Right now, I have a few short stories in the works. None of them are done or finalized yet in any way, but I wanted to share what I’ve been working on with you guys. I don’t know what to title it yet because every single title I come up with for it makes me barf in my mouth because it’s so cliche. For now, I’m calling it an untitled project. If anyone has any suggestions for the title of the story, leave them in the comments below. So, without further ado, I present an excerpt from a short story in progress:
Everyone at Lakeview Grove Community College Summer Theater Camp was required to go to the college and audition the week before camp started. Each person had to recite a poem and sing a song of their choosing. The poem I chose to recite was “Stopping By Woods on a Snowy Evening,” and I sang “Revolting Children” from Matilda the Musical. I feel like I did pretty well, and I’m excited to see what role I got.
I, along with all of the other campers, filed into the Lakeview Grove Community College auditorium to hear who would play which part in “The Lion King.”
Once everyone was seated, a tall man standing on the stage bellowed, “Alright, campers! I’m Jaden, the director of this year’s wonderful production, which, as you all know, is ‘The Lion King’!”
“When I call your name,” Jaden continued, “You will walk onto the stage using the stairs on either side, and you will stand next to me on the stage. Once you are standing next to me, I will announce your role in the show. Once your role is announced, you will exit the stage using the stairs on either side and you will go back to your seat. I will start with Jacqueline Anderson.”
A girl, who I assumed was Jacqueline Anderson, walked up the stairs onto the stage and stood next to Jaden.
“Jacqueline, you will be playing the role of a wildebeest in the scene of Mufasa’s death and a hyena in ‘Be Prepared.’ Congratulations.” Jaden announced. We all applauded for Jacqueline. I then allowed myself to space out a bit until my name was called, continuing to applaud for each person as they walked offstage.
“Brooklynne Findlay,” Jaden called.
Every muscle in my body trembled as I took my spot on the stage next to the director, feeling every pair of eyes in the audience boring holes into my back.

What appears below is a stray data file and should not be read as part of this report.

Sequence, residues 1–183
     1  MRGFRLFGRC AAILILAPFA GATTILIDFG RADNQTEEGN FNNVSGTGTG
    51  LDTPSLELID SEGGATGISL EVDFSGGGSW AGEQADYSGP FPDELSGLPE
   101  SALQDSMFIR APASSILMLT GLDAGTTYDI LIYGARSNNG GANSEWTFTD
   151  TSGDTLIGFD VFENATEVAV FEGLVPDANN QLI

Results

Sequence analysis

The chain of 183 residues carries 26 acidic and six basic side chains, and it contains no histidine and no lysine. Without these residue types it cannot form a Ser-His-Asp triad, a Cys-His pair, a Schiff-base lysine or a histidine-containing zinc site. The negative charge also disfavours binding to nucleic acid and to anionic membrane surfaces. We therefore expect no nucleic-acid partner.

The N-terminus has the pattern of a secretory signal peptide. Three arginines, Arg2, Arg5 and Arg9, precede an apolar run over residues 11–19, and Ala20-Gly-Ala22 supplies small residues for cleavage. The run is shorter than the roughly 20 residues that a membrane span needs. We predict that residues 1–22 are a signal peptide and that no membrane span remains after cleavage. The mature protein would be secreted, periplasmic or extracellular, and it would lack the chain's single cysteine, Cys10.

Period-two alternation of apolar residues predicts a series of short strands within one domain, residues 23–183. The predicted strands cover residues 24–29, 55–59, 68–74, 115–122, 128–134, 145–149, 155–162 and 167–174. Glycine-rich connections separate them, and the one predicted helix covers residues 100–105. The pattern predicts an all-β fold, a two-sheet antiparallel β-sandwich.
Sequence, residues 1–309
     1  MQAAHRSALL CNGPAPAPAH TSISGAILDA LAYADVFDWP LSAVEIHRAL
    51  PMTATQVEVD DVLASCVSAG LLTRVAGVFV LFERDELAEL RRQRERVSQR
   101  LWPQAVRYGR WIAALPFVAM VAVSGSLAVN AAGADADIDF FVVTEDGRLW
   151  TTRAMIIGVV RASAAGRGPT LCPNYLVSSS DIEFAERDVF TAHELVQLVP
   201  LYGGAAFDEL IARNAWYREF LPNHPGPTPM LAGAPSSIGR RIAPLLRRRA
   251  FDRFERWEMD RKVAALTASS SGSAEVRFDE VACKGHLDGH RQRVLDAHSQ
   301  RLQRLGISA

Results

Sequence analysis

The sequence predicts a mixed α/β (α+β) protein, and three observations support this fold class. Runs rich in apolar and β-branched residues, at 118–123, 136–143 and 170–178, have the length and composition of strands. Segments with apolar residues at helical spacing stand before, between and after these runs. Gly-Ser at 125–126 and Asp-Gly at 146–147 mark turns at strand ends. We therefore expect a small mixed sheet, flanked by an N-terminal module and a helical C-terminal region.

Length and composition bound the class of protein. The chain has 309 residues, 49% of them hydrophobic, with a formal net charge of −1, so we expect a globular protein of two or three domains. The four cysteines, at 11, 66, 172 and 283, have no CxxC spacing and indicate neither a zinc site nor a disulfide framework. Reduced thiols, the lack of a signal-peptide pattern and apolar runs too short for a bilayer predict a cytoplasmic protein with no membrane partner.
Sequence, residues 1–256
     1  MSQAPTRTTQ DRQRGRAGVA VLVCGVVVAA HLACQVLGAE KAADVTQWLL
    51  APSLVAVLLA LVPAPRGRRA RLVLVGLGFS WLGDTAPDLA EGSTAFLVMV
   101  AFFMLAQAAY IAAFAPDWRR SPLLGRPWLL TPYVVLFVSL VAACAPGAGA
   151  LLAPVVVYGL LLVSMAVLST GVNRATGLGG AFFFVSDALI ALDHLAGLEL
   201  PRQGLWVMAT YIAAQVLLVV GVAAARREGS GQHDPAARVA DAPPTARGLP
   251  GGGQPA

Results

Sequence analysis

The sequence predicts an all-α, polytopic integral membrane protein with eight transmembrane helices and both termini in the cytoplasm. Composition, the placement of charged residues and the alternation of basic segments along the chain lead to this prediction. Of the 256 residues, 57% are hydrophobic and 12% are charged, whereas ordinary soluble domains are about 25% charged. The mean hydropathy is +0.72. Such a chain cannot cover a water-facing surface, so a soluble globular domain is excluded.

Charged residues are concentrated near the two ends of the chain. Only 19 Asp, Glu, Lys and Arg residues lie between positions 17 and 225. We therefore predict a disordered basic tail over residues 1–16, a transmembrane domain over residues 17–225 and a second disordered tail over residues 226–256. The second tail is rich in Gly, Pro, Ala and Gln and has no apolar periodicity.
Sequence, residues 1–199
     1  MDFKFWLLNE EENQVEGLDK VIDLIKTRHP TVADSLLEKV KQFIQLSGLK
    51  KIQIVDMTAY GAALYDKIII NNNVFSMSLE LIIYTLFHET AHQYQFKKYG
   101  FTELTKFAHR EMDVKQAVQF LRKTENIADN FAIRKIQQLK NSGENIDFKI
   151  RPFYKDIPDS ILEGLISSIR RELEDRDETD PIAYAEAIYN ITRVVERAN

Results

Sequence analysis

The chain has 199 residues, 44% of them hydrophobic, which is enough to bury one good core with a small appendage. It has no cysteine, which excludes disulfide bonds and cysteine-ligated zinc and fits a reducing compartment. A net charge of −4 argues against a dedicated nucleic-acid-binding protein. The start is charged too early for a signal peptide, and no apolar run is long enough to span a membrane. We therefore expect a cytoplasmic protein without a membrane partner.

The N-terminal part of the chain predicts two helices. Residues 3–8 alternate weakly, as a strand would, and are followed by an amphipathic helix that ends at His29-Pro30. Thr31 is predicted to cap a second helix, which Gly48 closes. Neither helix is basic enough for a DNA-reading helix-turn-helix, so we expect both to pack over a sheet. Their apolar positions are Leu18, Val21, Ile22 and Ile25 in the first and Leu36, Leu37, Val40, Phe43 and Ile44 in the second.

“Brooklynne, you will be playing the role of Young Simba,” Jaden said.
I clapped my hand in front of my gaping mouth.
“But…but I wasn’t that good, was I?” I stammered.
“I have full confidence that you will be excellent.” Jaden said. “Congratulations, Brooklynne.” Everyone applauded. I walked offstage in tears. When I got to my seat, I was still sobbing. After about a minute, I felt a tap on my shoulder.
“Hey, you’re gonna do fine.” A soft voice whispered from behind me. I turned around and saw a girl who looked around my age. “Why are you crying?”
“I…I won’t be able to do it. This is my first play,” I choked.
“At this camp? Or, like, ever?” The girl asked.
“You’ll do fine. Jaden has directed shows on Broadway, so the fact that he chose you to play Young Simba means that he thinks you’re talented. I bet you’re talented. Sing something for me.”
“Now?” I wondered.
“Now, but super quietly,” the girl whispered. I sang a song called “Star in Your Own Life” for this mysterious girl. I never sing for anyone, but I trusted this girl for some reason. I felt like she wanted to be my friend.
“Omigod, you’re amazing!” The girl whisper-squealed.
“Lainey Meadows!” Jaden bellowed out.
“That’s me. Wish me luck!” Lainey squeezed my hand and skipped onstage. Once Lainey was standing next to Jaden, he announced: “Lainey, you will play the part of Young Nala. Congratulations!”
Everyone applauded, but I cheered extra loud for my new friend. When she got back to her seat, she crushed me in a hug that was more like a death grip.
“We’re gonna be costars!” Lainey squealed.
Maybe this summer wasn’t going to be so bad after all.